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Title: SISGR - Hydrogen Caged in Carbon-Exploration of Novel Carbon-Hydrogen Interactions

Hydrogen trapped in a carbon cage, captured through repulsive interactions, is a novel concept in hydrogen storage. Trapping hydrogen via repulsive interactions borrows an idea from macroscale hydrogen storage (i.e. compressed gas storage tanks) and reapplies these concepts on the nanoscale in specially designed molecular containers. Under extreme conditions of pressure, hydrogen solubility in carbon materials is expected to increase and carbon is expected to restructure to minimize volume via a mixed sp2/sp3 hydrogenated state. Thermodynamics dictate that pre-formed C-H structures will rearrange with increased pressure, yet the final carbon-hydrogen interactions may be dependent upon the mechanism by which hydrogen is introduced. Gas “trapping” is meant to denote gas present in a solid in a high density, adsorbed-like state, when the external pressure is much less than that necessary to provide a comparable fluid density. Trapping thus denotes a kinetically metastable state rather than thermodynamic equilibrium. This project probed mechanochemical means to polymerize select hydrocarbons in the presence of gases, in an attempt to form localized carbon cages that trap gases via repulsive interactions. Aromatic, polyaromatic, and hydroaromatic molecules expected to undergo cyclo-addition reactions were polymerized at high (~GPa) pressures to form extended hydrogenated amorphous carbon networks. Notably, aromatics withmore » a pre-existing internal free volume (such as Triptycene) appeared to retain an internal porosity upon application of pressure. However, a high photoluminescence background after polymerization precluded in situ identification of trapped gases. No spectroscopic evidence was found after depressurization that would be indicative of pockets of trapped gases in a localized high-pressure environment. Control studies suggested this measurement may be insensitive to gases at low pressure. Similarly, no spectral fingerprint was found for gas-imbued spherical carbon nanoshells, even after chemical “capping” of the gas-imbued nanoshells to limit gas diffusivity. Subsequently, spectral probes of gas vibrational modes adsorbed in various carbon nanostructures (including activated carbons, single-wall carbon nanotubes, polymers of intrinsic microporosity (PIMs), and UV-irradiated PIMs with decreased pore size) were found only at high pressure. The vibrational mode of the adsorbed film became perturbed in high density films, and the perturbation was sensitive to surface functional groups, pore size, and pore dimension. Experimental results were corroborated with first-principle modeling using density functional theory. Development of semi-empirical correlations that relate the spectral features to pore dimension, geometry, and chemical potential of the adsorbed film are on-going.« less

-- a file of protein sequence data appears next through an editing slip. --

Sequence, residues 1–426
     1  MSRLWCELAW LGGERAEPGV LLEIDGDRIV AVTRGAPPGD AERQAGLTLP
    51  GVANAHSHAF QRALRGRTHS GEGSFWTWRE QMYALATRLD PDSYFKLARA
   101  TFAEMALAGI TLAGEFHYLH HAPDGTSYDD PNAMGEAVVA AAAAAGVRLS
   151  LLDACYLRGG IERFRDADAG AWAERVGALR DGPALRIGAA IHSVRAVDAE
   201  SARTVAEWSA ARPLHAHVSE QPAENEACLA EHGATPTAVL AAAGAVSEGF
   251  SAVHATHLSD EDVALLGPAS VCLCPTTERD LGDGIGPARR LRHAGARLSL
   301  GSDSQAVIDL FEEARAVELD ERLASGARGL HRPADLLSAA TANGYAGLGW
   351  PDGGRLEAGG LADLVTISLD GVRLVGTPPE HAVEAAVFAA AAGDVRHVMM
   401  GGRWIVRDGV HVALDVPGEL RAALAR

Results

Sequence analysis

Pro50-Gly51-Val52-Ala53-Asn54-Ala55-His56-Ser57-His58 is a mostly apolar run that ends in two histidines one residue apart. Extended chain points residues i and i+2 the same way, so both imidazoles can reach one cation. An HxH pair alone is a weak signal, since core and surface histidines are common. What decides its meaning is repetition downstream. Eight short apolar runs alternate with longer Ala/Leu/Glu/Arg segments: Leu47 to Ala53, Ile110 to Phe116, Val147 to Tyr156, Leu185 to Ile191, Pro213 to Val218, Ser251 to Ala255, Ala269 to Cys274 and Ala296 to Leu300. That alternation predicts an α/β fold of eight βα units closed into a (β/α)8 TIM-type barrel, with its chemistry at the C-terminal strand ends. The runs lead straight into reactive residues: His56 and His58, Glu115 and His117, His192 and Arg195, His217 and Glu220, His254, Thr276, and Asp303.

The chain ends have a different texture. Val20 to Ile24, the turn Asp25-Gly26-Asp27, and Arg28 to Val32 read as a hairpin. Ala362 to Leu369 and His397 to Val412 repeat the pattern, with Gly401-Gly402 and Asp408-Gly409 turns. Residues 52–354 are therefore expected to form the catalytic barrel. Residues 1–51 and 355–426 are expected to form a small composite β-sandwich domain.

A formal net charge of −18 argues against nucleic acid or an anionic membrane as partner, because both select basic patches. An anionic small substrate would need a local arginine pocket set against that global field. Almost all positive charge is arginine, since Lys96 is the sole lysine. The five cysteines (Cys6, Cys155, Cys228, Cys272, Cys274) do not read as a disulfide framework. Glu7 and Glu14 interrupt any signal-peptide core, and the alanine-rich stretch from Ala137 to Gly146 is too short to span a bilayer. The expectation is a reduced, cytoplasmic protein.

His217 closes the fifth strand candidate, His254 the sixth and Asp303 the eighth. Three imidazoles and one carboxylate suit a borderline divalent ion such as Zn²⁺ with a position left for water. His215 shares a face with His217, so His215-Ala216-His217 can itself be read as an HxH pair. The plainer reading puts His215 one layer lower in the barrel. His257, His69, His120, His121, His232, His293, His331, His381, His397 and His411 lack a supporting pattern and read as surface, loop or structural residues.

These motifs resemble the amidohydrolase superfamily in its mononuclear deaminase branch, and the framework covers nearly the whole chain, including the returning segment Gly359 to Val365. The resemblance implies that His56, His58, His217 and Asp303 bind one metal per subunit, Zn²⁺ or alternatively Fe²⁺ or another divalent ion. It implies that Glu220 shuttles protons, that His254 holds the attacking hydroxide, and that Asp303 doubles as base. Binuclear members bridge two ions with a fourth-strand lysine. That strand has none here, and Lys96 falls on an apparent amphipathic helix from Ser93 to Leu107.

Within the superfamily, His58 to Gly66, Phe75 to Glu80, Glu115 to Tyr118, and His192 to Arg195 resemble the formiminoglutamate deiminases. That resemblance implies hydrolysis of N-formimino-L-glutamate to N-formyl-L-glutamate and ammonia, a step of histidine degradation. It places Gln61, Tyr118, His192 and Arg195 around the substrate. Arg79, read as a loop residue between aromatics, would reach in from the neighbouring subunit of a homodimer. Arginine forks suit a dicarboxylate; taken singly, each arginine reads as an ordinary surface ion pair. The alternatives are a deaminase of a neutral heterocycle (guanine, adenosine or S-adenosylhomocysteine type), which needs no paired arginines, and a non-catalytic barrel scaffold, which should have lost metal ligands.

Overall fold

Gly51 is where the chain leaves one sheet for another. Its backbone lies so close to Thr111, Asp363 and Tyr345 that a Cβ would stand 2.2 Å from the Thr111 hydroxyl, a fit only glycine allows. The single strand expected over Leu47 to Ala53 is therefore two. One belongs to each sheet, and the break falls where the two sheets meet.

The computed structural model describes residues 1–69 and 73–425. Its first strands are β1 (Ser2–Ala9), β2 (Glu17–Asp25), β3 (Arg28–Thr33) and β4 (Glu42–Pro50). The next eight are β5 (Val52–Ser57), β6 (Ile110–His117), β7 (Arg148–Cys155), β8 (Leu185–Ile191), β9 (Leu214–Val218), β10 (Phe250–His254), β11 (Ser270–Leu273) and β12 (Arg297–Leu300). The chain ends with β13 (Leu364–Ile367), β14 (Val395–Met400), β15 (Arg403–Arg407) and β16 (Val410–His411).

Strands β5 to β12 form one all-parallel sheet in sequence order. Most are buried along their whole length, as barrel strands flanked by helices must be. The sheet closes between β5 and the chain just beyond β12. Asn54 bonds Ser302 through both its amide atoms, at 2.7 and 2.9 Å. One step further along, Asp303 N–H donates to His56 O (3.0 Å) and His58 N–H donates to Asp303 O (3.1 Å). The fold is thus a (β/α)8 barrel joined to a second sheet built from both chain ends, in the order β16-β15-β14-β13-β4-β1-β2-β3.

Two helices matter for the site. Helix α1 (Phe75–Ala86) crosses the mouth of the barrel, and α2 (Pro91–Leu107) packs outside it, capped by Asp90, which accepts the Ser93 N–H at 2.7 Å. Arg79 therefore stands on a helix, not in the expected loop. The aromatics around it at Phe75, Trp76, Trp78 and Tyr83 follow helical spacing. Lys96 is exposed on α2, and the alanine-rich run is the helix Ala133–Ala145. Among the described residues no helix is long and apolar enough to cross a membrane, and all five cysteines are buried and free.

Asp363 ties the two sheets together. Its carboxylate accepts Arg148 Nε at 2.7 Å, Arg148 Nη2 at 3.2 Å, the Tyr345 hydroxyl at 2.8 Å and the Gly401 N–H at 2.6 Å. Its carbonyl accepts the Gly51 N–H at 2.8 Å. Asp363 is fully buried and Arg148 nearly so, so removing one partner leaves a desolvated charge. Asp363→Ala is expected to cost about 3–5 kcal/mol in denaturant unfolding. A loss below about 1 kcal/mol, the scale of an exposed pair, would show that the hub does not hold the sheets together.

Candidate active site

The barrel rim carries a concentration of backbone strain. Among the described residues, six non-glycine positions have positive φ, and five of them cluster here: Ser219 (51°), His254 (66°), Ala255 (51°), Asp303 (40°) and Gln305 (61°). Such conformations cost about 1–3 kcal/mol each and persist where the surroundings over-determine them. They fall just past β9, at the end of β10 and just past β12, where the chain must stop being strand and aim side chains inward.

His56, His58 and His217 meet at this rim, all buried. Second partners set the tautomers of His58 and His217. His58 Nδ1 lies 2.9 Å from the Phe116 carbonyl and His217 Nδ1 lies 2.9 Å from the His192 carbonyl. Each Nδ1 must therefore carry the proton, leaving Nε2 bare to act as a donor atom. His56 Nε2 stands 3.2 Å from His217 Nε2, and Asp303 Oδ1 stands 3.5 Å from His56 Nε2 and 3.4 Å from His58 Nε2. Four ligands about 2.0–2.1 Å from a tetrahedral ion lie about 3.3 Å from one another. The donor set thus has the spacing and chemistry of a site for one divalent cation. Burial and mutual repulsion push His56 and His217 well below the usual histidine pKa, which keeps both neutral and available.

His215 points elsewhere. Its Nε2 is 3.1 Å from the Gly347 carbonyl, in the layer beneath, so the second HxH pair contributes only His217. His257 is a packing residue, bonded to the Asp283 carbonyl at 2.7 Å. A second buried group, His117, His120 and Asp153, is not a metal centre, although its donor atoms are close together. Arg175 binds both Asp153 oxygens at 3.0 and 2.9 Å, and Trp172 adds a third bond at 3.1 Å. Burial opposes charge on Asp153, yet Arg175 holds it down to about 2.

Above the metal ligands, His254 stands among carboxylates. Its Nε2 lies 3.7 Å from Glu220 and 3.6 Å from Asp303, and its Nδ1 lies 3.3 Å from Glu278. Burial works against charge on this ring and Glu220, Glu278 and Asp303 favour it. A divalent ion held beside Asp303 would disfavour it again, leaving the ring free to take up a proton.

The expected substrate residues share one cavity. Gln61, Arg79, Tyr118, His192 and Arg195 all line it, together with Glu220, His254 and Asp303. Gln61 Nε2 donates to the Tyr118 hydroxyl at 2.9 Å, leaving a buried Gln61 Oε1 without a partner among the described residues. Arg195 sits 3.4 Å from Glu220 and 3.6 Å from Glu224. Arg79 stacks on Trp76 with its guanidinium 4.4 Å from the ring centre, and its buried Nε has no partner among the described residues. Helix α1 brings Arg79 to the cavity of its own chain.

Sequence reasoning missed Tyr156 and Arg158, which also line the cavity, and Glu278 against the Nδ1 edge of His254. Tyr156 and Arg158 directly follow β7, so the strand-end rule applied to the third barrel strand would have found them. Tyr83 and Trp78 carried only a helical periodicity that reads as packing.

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  1. Pennsylvania State Univ., State College, PA (United States)
Publication Date:
OSTI Identifier:
DOE Contract Number:
Resource Type:
Technical Report
Research Org:
Pennsylvania State Univ., University Park, PA (United States)
Sponsoring Org:
USDOE Office of Science (SC), Basic Energy Sciences (BES) (SC-22)
Country of Publication:
United States